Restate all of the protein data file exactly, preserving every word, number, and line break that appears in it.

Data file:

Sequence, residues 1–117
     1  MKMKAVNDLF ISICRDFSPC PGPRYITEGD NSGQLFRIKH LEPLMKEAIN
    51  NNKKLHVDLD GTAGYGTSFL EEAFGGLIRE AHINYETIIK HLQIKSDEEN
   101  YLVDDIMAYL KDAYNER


Sequence, residues 1–117
     1  MKMKAVNDLF ISICRDFSPC PGPRYITEGD NSGQLFRIKH LEPLMKEAIN
    51  NNKKLHVDLD GTAGYGTSFL EEAFGGLIRE AHINYETIIK HLQIKSDEEN
   101  YLVDDIMAYL KDAYNER